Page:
It seems that Seattle's film community may have finally arrived on the national stage with the stunningly wan production of The Off Hours, a film born and (in)bred in Washington State under the keen directorship of local veteran filmmaker Megan Griffiths.
It's time once again for the Sundance Film Festival, that sparkly weekend when Park City, Utah, is overrun with Hollywood hopefuls.
Amid the many allegedly independent films (which nonetheless have mega-budgets and studio support) are some realio-trulio independent films that were made right here in Washington state.
Got a question about the weather? Then Sunday may be your day, rain or shine.
About 3,900 weather geeks will descend on Seattle Sunday through Thursday (January 23–27) for the annual meting of the American Meteorological Society. As part of the gathering, the AMS is hosting its 10th annual WeatherFest from noon to 4 p.m. Sunday at the Washington State Convention Center.
There's something enormously satisfying about "14/48," also known as the world's quickest theater festival. It's certainly creative and energetc. But that can be said about many arts endeavors around town. What makes "14/48" so wonderfully distinctive is its unbridled sense of urgency. Unlike most theater, which requires the gestation period of a small glacier, "14/18" creates 14 plays -- many of them quite good -- and some kickass music (with a live band) in the span of 48 hours.
I have a list of great sales going on this weekend, but first up, I wanted to introduce you to a couple of very lovely ladies to join the local blogging scene.
Ali Brownrigg, whom I adore sitting with at fashions shows, has started her own ode to Portland and Seattle over at Porttle. Covering both local fashion scenes, as well as can’t miss restaurants and hotels in each city, pop by for Brownrigg’s savvy sale advice, jewelry finds and all-around good eye for style!
The Kirkland Arts Center just launched a spooky-cool show by two up-and-coming East Coast artists. Alison Brady, from Washington, DC, is known for her hyper-real (and hyper-creepy) photographs. Sarah Knobel, from NYC, has made a splash with her surreal self-portraits (via photos and videos).
Let me ask you if this sounds familiar: You were president of the chess club (or your sister was). You lived for concert band practice or saw Star Wars 50 times (or have a brother who did). Or maybe you logged in 5,000 hours of Atari or wore that Michael Jackson glove to school every day, even after it was cool. You survived middle school, escaped high school, arrived at college and, finally, it came: validation. You found your tribe and realized you were not alone. For all you folks out there who at one point in your life were called a nerd or a geek, this issue is for you.
(Blow) Try to keep the giggles to a minimum as you learn how to gather glass on your rod, shape your punty and blow it during Seattle Glassblowing Studio’s six-week beginning glassblowing class. $645 for six classes. Seattle Glassblowing Studio, 2227 Fifth Ave.; 206.448.2181; seattleglassblowing.com
Despite the renown of its members, you probably haven’t heard of the Seattle Camera Club. Here’s why: Founded in 1924 by 37 talented Japanese photographers, the club thrived until World War II, when many of its members were sent to internment camps. The group disbanded and much of its work was lost, but the UW Libraries acquired some surviving collections, which are being exhibited at the Henry Gallery as Shadows of a Fleeting World: Pictorial Photography and the Seattle Camera Club.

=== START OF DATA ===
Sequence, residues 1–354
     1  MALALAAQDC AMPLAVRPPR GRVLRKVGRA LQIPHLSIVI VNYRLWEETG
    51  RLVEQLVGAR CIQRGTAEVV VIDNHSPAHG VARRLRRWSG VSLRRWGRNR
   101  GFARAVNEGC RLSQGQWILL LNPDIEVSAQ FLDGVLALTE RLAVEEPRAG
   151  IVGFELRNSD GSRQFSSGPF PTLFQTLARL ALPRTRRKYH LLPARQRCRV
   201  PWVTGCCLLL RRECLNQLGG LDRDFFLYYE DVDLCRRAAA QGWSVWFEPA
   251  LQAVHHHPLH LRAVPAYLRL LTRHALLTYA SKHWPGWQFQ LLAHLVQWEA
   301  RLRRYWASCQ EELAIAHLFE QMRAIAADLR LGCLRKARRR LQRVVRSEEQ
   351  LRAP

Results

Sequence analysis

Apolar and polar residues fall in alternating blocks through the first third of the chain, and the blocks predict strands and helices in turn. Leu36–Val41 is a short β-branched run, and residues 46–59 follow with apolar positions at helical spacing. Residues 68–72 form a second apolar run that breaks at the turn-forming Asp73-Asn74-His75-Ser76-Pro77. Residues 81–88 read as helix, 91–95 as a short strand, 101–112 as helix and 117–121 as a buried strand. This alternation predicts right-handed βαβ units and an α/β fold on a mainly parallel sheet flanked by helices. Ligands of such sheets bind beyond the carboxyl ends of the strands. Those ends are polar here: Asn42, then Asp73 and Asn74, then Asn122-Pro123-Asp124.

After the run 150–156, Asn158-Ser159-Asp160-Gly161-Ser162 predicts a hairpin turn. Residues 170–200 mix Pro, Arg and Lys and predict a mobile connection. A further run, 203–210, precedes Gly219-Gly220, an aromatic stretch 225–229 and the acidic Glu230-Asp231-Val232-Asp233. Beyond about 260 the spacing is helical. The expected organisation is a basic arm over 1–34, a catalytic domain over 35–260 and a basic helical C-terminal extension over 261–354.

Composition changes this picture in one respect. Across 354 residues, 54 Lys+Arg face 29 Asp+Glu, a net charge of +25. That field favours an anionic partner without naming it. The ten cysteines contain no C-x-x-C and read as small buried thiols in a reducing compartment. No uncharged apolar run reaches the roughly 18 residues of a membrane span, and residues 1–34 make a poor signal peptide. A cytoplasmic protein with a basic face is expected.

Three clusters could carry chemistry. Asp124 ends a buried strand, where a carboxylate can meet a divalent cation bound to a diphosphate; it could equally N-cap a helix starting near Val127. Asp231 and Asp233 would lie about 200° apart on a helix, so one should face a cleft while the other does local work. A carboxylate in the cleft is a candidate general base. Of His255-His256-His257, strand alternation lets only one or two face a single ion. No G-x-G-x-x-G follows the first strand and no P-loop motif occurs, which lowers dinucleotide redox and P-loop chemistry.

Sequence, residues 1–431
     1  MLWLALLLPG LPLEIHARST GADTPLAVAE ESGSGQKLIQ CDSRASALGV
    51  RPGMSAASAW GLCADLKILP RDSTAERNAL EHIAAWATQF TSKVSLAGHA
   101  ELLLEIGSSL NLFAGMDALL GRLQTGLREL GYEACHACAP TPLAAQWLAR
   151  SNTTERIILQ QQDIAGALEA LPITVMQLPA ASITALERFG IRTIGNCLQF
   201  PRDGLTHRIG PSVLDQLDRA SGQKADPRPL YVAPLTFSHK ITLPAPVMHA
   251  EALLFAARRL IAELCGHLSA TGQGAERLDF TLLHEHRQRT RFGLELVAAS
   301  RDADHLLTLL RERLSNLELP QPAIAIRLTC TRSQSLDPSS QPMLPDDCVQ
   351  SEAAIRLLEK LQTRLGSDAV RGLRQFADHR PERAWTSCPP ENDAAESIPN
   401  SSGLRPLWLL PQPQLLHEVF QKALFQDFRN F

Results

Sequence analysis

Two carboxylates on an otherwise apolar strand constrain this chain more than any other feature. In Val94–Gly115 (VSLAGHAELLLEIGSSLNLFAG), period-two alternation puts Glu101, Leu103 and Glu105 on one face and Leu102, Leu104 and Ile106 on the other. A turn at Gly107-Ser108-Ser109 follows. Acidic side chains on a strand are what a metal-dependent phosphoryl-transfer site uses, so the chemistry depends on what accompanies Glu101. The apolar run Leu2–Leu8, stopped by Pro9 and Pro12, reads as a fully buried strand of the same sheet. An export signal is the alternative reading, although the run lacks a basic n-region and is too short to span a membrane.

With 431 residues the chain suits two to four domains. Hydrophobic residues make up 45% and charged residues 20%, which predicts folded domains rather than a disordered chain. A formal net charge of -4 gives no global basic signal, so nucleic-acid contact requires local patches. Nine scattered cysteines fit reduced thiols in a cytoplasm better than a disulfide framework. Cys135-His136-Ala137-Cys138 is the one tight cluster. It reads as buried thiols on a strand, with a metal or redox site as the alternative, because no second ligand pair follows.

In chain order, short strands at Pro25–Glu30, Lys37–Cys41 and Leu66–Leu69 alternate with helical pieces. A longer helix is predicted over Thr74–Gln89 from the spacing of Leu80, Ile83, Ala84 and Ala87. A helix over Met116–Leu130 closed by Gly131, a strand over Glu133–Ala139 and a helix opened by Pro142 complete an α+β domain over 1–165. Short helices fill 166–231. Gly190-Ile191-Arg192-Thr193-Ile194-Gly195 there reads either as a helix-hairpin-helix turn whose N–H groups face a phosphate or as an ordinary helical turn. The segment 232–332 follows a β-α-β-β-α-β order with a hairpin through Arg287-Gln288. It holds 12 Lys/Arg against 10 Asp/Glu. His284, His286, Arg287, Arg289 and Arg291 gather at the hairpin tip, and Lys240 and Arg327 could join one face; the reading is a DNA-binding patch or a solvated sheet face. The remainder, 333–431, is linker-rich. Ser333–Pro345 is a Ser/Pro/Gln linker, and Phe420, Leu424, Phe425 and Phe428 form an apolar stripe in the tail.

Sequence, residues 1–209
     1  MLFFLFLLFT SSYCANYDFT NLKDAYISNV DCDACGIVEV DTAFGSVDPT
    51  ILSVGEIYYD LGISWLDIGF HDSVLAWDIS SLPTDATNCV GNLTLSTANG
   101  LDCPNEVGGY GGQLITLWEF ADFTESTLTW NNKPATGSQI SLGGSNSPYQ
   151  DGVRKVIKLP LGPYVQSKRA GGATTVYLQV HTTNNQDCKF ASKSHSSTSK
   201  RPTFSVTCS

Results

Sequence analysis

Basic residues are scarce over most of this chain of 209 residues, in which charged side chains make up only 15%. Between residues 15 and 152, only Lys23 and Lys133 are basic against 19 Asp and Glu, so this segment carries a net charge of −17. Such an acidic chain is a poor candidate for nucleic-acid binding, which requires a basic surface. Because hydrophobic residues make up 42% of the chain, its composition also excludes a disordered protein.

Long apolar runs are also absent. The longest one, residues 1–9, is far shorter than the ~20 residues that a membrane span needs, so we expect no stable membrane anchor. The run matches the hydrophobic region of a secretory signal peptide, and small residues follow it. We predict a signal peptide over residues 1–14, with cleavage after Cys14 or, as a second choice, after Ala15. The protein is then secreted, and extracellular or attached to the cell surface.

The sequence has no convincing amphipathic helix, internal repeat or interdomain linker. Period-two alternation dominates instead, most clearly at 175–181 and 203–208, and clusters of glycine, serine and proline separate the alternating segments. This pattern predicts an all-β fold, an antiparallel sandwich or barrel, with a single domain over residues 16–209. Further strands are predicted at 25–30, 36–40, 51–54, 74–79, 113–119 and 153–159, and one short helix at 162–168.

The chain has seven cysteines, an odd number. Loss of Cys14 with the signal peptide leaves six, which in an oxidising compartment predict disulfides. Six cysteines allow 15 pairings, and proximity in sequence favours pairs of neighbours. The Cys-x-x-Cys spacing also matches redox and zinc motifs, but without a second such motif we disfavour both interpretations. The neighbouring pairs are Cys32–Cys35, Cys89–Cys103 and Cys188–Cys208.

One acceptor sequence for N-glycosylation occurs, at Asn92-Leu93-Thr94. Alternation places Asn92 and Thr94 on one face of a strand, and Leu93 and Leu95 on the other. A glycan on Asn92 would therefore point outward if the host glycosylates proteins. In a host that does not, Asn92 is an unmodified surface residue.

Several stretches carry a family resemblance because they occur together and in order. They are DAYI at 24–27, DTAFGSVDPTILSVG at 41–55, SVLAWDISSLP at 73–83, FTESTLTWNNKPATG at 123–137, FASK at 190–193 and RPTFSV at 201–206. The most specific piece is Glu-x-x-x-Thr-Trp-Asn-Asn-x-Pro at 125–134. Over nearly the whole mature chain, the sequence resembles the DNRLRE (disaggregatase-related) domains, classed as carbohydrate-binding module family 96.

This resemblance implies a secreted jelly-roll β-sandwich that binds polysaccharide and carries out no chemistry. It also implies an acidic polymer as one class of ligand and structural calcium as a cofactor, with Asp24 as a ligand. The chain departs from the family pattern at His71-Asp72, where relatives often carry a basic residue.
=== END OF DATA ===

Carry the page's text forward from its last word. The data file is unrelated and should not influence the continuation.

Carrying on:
ARTIST: Jonathan EvisonBainbridge Island–based authorBOOKS: The coming-of-age novel All About Lulu, which earned the 2009 Washington State Book Award, and the just-released West of Here, an epic tale centered on the 1890s founders of Port Bonita, a fictional Washington coast town based on Port Angeles.READINGS: Various area bookstores 2/15–2/19, including Elliott Bay Book Company (2/17). See westofherethebook.com for details. By Brangien Davis
Seattle actress Billie Wildrick is bouncing atop a trampoline, dressed up like a 1960s cheerleader in a retro blue and yellow uniform. With an all-American ponytail, she smiles and waves her pompoms. It’s part of a promotional photo shoot for Vanities: A New Musical (in which Wildrick is one of three female leads), a new production of the 2009 off-Broadway show that opens this month in Seattle.
When former King County Executive Ron Sims, now deputy secretary of the U.S. Department of Housing and Urban Development, launched the Healthy Incentives Program in 2005, he started biking to work. He lost an impressive 60 pounds and dramatically reduced his blood pressure, cholesterol levels and body mass index (BMI). “And he did all of this in a public way,” says Brooke Bascom, communications director for King County’s Employee Health and Well Being Program. “He did not ask employees to do something that he wasn’t willing to do himself.”
Whether people smoke it, bake it into a cookie or spread green butter on their toast in the morning, medical marijuana use—and the controversy surrounding it—is growing in Washington state. Cancer patients are using it to alleviate nausea caused by chemotherapy. AIDS patients smoke it to help regain their dwindling appetites. And grandparents who once warned their children of the dangers of pot are now relying on them to supply it for relief from debilitating ailments.
2/11–2/17 Listen here, skirts and palookas, it’s time to get off your keisters, put on your glad rags and high-tail it to the fifth annual Noir City, see? This year’s theme is kooks and goofs—crazies, got it? We’re talkin’ a coupla psycho twins (Among the Living, 1941, and The Dark Mirror, 1946), a sexy-creepy heiress (Angel Face, 1952), a hinky baby-sitter (Don’t Bother to Knock, 1952) and a sex addict (They Won’t Believe Me, 1947).